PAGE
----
SB: Belinda and I first met singer/songwriter Josh Garrels the year before last. When we mentioned the Democratic Republic of Congo. His response: “Where’s Congo?” Less than two months later Josh gave away all his albums through Noise Trade, a music sharing site, to help the plight of women in Congo. Over 160,000 albums were downloaded, the largest in Noise Trade history, and more than $70,000 was donated to charity. In his own words:

When confronted with such a massive crisis that is being ignored globally, I was left with the overwhelming impression of those in the midst of the suffering…being relatively “voiceless.” And this begged the question: if I’ve quite literally been given a “voice” to sing, speak, write, and have some measure of influence in my own media-driven culture, why would I remain silent?

KW: Many people wouldn’t know that you are a poet—what have you found to be intersections of art, creativity and justice? Is there a favorite poem of yours you could introduce and share?  

SB: One of my favorites is called “Do We Dare?” which was performed by Micah Bournes on his recent album. You can listen to it at www.possiblebook.com.

The Justice Conference Local

TJC Local Promo from The Justice Conference on Vimeo.

Do You Worship Your Worship Experience?

Guest Post by Andrea Lucado

I sat in a church I’d never been to on Sunday. It was different from the churches I typically attend for a few reasons. It was much smaller. It didn’t start on time. It was a different denomination. And the big one, the demographic, as far as social class and age, varied greatly, and I wasn’t in the majority.

I was there with a friend who sat by me and explained that this church happens 24/7. Sure, they have a Sunday service, he said, but Sunday service is a very small part of this church. It’s not the central event like it is for most churches. Here, people minister to the homeless every day. Their lives reflect Jesus in their interactions with people from all neighborhoods and backgrounds. They worship God outside the church building maybe more than they worship Him inside of it. And all of this made me uncomfortable. It convicted me. I held back tears during the service because of what I realized I’ve let church become for me: a place that makes me feel good.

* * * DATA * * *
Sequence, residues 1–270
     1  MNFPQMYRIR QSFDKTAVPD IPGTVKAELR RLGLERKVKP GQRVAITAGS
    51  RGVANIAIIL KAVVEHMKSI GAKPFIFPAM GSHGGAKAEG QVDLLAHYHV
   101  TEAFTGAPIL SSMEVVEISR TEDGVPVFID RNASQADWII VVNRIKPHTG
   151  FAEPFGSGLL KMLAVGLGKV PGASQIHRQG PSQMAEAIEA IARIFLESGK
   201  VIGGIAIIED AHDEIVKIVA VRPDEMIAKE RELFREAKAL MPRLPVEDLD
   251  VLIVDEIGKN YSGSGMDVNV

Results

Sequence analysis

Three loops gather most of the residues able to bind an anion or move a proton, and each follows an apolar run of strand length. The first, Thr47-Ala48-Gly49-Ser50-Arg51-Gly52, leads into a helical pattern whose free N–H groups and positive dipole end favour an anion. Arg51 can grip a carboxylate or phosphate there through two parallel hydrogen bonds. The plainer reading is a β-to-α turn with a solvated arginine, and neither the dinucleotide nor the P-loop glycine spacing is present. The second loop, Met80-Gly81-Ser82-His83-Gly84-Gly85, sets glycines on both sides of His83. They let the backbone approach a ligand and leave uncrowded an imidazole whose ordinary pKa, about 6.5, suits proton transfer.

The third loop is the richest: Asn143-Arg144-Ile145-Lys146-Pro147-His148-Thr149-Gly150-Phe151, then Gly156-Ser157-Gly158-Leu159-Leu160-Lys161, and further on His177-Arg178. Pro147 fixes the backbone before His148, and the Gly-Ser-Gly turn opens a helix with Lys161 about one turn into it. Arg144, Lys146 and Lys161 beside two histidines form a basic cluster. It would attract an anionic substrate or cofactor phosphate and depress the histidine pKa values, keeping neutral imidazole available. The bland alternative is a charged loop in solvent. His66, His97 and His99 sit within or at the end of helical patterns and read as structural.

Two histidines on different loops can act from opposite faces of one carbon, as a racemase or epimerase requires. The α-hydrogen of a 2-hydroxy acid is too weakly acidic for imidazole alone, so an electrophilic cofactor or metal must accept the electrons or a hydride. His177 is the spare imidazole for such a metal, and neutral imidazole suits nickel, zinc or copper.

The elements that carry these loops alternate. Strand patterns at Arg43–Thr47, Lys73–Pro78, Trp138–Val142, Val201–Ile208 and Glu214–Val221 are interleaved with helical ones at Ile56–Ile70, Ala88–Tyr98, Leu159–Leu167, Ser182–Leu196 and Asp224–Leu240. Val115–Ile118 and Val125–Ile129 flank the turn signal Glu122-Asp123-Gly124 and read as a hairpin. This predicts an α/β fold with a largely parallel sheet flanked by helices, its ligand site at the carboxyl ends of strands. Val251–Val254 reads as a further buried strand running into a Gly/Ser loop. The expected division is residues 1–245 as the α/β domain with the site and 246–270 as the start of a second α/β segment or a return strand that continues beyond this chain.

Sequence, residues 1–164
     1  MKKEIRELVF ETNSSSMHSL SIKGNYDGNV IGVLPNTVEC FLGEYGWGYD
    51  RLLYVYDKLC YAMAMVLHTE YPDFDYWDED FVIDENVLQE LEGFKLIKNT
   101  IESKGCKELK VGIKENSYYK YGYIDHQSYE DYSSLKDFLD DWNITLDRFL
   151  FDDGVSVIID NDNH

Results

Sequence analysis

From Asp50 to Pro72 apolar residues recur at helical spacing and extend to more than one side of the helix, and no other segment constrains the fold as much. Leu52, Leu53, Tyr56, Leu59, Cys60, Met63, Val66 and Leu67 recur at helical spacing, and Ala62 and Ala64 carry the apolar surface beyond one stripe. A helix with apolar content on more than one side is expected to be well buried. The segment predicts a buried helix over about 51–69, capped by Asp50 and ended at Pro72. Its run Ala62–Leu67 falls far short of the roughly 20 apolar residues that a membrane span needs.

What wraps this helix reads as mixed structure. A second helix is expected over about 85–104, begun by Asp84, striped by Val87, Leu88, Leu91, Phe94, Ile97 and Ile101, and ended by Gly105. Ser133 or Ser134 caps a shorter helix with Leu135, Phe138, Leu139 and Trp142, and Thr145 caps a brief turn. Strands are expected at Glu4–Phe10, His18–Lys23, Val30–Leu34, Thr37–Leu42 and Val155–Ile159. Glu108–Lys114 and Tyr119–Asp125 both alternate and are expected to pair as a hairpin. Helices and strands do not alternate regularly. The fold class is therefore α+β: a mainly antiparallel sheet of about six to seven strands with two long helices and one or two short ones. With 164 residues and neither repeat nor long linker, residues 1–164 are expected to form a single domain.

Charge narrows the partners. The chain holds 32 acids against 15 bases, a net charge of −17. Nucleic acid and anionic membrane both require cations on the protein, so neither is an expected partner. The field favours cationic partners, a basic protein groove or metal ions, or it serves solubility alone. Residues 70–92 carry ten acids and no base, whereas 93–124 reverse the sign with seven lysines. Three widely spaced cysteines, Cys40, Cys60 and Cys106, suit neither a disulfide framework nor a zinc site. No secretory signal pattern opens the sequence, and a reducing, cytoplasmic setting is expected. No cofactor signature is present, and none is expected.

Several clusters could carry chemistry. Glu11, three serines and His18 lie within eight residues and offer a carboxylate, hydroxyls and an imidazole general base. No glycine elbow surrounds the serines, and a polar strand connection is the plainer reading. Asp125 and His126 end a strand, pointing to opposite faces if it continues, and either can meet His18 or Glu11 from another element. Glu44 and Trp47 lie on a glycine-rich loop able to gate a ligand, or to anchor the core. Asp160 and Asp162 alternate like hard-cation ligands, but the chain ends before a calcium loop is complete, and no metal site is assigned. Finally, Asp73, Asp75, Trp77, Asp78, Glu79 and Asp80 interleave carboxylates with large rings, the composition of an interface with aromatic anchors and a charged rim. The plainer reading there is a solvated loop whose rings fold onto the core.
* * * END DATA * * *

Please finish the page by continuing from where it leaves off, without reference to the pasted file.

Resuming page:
I like churches with amazing worship bands – they make me feel good. I like churches where my friends go – they make me feel good. I like church to be entertaining and the sermon to be engaging – this makes me feel good. I had to stop and ask myself this past Sunday, since when was the church about making me feel good?

I asked a few more hard questions after this like, what if all churches looked this way? What if they were a little smaller and didn’t start on time and only had three people in the band but on nights, weekends and weekdays the congregants scoured the streets of their cities and served people who haven’t seen kindness or felt grace in their entire lives? What if the Sunday morning service was ok, but the Monday through Saturday service was life-changing? What if the center of the church was Christ and on the edges was the worship band and the order of events on Sundays?

Do I worship Jesus, or do I worship my worship experience?

They’re tough questions, but they’re important. This Sunday’s church had the least in attendance, wealth and refinement that I’ve been to in months, but it was one of the richest and deepest services I’ve been a part of, and I felt Jesus’ presence all in it and through it. I know he was there, and I know he was pleased with his people.